they said they would have regret if someone inferred what they implied.

        Settlement makes no claim about whether what they said was defamatory, and there is no apology.

        Those were Collin’s stated bottom lines as of this morning.

        • gobsmacked 18.1.2.1

          Hard to explain away the word “regret”.

          More to the point, 2 senior Labour MPs were in Auckland today, in court for no good reason. It’s not the biggest story around, but it’s all part of the drip-drip opportunity cost. Wasting time and being irrelevant to the rest of us.

          If they were in court on our behalf … that would be very different. But then they’d be different people.

          • Pascal's bookie 18.1.2.1.1

            She sued them gs.

            • gobsmacked 18.1.2.1.1.1

              Yes, Collins is power-crazy and writ-happy and worse. Agreed.

              But the question is: what should the Labour MPs have done?

              Answer – get summoned to the leader’s office, and be told:

              “Is this about you, or the party?”

              If it’s for the party, and you can win, then go for it – and win.

              If it’s for you, make it go away. Because YOU – Trevor and Andrew – don’t matter. Only victory matters.”

              Focus, focus, focus. Labour haven’t got it. I’m sure no such conversation took place, and I’m equally sure it happened often under Helen and Heather.

              Individuals, not a team. So – at best a draw and a waste of time and money.

              Votes won: zero.

              • Jackal

                That’s a nice theory there gobsmacked.

                The more likely scenario is that information painting Collins in a bad light would have been divulged during legal proceedings. To determine if there was a case to answer, the judge would need to determine if what Mallard and Little said was true or false by looking into the validity of their claims. That would likely mean yet another investigation into a National MP, because without it a determination of defamation couldn’t be given.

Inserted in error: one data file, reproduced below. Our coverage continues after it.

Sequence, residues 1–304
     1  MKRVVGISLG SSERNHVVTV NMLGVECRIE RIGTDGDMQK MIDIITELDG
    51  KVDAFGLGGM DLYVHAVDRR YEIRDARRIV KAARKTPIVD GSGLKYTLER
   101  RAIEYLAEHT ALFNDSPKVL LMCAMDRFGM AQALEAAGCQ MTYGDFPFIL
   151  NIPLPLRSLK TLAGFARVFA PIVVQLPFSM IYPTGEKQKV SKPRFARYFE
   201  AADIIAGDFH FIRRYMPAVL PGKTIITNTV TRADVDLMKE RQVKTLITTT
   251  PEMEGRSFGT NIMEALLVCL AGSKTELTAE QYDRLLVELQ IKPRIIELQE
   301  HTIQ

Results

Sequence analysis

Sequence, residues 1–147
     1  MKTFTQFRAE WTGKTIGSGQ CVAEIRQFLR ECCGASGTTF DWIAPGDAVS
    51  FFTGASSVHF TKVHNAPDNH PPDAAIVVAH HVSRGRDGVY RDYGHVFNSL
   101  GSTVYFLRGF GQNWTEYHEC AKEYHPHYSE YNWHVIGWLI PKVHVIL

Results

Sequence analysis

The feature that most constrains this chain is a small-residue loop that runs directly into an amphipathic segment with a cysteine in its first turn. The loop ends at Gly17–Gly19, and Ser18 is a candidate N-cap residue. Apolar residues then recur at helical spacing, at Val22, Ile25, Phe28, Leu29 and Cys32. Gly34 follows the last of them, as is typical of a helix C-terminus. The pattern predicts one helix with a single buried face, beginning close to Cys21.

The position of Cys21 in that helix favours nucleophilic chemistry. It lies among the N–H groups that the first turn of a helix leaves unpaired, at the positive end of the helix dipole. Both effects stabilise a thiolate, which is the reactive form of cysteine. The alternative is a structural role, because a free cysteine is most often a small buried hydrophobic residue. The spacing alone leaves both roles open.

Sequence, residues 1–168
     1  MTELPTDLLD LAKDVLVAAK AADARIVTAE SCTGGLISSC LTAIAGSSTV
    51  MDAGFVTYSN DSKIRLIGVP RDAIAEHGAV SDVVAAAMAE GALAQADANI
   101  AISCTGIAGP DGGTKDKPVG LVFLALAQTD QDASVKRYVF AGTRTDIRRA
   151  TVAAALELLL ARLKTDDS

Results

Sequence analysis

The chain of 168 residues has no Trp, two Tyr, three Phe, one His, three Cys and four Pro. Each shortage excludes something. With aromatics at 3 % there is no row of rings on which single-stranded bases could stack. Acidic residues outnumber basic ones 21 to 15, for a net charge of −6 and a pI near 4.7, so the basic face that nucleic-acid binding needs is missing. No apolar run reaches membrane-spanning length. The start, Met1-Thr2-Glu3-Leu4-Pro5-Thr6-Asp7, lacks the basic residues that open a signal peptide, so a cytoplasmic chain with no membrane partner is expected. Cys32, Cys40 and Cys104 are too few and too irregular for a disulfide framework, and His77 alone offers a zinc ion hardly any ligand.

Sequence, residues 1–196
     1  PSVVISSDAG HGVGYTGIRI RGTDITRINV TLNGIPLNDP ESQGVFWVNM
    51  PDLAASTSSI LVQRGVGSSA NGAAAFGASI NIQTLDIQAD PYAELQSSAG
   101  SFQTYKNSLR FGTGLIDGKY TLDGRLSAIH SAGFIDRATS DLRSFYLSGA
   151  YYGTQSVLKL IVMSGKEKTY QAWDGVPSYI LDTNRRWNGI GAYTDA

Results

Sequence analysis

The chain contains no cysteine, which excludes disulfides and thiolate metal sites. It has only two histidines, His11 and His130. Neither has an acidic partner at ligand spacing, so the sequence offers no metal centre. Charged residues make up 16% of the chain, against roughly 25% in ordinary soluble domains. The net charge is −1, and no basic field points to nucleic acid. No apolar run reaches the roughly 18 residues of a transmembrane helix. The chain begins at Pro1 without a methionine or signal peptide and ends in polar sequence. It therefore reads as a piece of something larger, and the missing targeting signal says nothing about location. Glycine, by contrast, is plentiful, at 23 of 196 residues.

Under the law, any evidence unearthed would have to be shared with Mallard and Little, who would likely make it public knowledge to ensure their comments were vindicated, and Collins was publicly humiliated. She would likely need to resign, which in my opinion is the right thing to do in cases of Ministers leaking the private information of New Zealand citizens.

                If there was any truth to what they said, then clearly Collins would want it to go away. It appears to me that all her initial bluster and threats of court action was an attempt to take the focus off the fact that the leaked information could only have come from a limited number of sources, and most of the evidence pointed directly at her.

                It’s a classic political play to create a diversion and then let the initial controversy slowly fade from the publics awareness, and as usual nobody will be held to account for the initial wrongdoing. This pisses me off, because whoever actually leaked the confidential information in an attempt to discredit and defame a whistle blower, will not be held to account.

                It’s not about what the Labour MPs should have done (because they weren’t the ones bringing the court action), it’s about what they will do now to ensure justice and accountability. It was Collins who was making the legal claim, and it was her decision to not pursue that claim because of potential ramifications on the National party, and her position within it.